Public Health Resources


Date of this Version



Preventive Medicine 78 (2015) 92–100


U.S. Government Work


Background. Current U.S. guidelines recommend consideration of nicotine replacement therapy (NRT) for pregnant smokers if behavioral therapies fail, only under close supervision of a provider, and after discussion of known risks of continued smoking and possible risks of NRT. The percentage of pregnant smokers offered NRT by their prenatal care providers is unknown.

Purpose. The study aims to calculate the percentage of pregnant smokers offered cessation intervention and NRT and assess independent associations between selected maternal characteristics and being offered NRT.

Methods. Data were analyzed from the 2009–2010 Pregnancy Risk Assessment Monitoring System from four states that asked about provider practices for prenatal smoking cessation. Adjusted prevalence ratios were calculated to examine associations between being offered NRT, selected maternal characteristics, and smoking level. Variables used in adjusted models were based on factors associated with smoking cessation during pregnancy from prior literature and included race, age, education, insurance type, and stress.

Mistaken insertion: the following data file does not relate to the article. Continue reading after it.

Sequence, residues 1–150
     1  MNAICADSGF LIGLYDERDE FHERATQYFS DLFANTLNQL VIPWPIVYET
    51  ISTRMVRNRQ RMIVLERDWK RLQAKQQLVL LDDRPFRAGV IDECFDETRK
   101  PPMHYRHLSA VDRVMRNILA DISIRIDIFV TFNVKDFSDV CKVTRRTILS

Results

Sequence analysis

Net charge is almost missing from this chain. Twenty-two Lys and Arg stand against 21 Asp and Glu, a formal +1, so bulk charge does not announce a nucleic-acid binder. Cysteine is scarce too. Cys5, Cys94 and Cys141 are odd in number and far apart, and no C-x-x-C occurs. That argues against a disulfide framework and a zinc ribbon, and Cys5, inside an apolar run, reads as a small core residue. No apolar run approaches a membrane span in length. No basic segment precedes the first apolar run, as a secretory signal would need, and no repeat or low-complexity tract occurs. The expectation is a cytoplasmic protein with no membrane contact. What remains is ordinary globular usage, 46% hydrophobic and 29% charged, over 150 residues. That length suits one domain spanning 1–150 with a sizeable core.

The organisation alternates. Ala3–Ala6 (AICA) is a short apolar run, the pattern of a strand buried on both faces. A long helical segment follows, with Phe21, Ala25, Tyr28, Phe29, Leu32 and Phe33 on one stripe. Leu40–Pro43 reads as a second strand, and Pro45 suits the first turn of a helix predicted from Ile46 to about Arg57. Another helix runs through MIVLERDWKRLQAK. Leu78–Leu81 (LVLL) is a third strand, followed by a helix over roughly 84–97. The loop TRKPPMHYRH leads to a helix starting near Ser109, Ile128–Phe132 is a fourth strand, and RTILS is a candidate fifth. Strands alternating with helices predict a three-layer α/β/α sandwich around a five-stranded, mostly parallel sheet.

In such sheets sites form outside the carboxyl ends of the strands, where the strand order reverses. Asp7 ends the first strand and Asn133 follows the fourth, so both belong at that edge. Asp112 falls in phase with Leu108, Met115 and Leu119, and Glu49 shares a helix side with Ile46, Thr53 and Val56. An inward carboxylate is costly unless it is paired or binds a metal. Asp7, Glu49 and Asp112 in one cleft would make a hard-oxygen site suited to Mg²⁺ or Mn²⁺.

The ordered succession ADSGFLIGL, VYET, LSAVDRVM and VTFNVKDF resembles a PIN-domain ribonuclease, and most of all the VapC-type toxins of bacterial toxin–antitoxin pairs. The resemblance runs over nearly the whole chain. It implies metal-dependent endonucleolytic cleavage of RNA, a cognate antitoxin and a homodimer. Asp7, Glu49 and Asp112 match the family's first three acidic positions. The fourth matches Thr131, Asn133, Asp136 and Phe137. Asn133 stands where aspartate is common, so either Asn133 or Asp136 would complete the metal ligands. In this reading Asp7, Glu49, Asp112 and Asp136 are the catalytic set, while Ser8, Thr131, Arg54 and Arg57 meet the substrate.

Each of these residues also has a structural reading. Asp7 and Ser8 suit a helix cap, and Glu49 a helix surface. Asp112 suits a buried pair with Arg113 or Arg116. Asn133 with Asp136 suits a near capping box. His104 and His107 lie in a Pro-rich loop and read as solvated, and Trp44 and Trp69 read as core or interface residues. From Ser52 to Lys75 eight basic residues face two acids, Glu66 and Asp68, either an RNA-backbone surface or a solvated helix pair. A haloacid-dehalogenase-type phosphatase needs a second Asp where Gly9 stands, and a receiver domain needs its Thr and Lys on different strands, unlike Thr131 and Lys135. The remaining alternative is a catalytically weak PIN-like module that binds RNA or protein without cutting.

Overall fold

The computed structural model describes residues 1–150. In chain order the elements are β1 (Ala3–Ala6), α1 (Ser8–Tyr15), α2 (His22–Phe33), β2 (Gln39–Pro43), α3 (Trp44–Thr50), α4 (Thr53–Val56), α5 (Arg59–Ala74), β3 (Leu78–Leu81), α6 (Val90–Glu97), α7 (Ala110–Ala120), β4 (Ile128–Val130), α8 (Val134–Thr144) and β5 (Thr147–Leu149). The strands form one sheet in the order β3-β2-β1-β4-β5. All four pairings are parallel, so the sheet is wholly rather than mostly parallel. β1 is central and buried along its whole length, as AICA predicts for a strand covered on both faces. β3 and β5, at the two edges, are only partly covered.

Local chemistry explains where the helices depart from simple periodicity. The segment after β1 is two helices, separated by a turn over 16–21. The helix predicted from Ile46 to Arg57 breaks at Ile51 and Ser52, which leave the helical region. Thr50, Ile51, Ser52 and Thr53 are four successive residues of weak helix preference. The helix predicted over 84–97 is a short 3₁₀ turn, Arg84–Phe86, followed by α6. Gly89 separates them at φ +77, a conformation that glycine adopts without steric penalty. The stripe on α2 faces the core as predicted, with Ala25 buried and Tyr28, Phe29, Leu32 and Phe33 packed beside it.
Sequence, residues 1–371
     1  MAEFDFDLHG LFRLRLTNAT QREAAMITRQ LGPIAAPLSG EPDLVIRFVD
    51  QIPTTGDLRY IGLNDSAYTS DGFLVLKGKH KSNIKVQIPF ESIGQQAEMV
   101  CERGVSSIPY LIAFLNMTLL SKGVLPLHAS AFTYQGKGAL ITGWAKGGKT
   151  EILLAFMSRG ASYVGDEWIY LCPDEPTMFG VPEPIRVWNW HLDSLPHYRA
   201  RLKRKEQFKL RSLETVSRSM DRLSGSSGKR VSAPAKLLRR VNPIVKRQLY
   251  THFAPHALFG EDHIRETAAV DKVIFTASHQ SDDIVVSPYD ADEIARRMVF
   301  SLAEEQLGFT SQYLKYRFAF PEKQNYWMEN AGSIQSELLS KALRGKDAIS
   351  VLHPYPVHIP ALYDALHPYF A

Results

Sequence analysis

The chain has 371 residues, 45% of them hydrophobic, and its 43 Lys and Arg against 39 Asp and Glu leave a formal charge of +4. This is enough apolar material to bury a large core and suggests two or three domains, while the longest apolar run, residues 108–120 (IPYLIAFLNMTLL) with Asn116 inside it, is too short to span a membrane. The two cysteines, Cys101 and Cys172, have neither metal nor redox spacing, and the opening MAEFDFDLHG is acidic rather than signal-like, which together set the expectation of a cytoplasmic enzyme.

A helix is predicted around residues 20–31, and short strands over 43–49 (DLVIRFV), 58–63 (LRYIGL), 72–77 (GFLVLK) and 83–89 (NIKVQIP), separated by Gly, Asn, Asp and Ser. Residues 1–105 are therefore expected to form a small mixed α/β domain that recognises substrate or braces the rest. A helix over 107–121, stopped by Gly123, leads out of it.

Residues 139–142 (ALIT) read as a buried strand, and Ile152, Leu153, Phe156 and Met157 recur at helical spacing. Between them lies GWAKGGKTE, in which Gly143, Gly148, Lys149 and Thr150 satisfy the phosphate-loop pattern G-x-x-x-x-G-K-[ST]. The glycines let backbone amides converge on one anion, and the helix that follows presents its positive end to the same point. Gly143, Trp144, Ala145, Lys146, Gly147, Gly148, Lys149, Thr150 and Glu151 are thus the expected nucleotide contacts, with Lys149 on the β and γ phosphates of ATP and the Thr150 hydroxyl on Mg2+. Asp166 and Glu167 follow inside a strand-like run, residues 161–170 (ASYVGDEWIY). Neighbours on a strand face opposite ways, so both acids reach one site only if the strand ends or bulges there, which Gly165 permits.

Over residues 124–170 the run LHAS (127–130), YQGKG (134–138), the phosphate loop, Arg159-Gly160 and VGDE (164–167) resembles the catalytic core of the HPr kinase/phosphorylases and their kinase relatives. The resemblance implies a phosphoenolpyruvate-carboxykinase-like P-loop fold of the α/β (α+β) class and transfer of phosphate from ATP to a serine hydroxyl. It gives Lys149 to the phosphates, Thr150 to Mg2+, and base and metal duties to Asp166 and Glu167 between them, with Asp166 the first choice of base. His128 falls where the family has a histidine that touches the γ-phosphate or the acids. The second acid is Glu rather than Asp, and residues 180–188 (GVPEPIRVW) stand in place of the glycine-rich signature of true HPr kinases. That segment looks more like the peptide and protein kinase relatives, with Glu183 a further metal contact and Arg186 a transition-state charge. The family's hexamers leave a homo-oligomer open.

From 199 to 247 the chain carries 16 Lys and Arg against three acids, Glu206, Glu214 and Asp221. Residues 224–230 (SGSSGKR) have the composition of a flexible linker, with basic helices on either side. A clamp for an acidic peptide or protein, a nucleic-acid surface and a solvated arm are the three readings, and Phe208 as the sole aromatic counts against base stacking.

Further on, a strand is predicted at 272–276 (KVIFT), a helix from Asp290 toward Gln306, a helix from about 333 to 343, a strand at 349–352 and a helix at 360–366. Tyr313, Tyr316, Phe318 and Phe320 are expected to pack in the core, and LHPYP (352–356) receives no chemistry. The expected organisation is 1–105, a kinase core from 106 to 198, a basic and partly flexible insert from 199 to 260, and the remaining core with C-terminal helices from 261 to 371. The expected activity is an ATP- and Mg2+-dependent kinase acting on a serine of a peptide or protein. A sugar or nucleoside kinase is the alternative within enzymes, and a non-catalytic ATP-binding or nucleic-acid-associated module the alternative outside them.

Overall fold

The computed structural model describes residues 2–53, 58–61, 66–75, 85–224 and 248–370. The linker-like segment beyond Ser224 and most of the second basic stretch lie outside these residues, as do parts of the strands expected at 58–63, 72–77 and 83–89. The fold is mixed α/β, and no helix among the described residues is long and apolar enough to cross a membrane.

Results. Of 3559 women who smoked 3months before pregnancy, 77.4% (95% CI: 74.2, 80.3) of 3rd trimester smokers and 42% (95% CI: 38.5, 46.4) of women who quit smoking during pregnancy were offered at least one cessation method. Among smokers, 19.1% (95% CI: 16.5, 22.1) were offered NRT and of these, almost all (94%) were offered another cessation method.

Conclusions. One in five pregnant smokers was offered NRT. About a quarter of pregnant smokers did not receive any interventions to stop smoking. There may still be reluctance to provide NRT to pregnant women, despite known harms of continued smoking during pregnancy.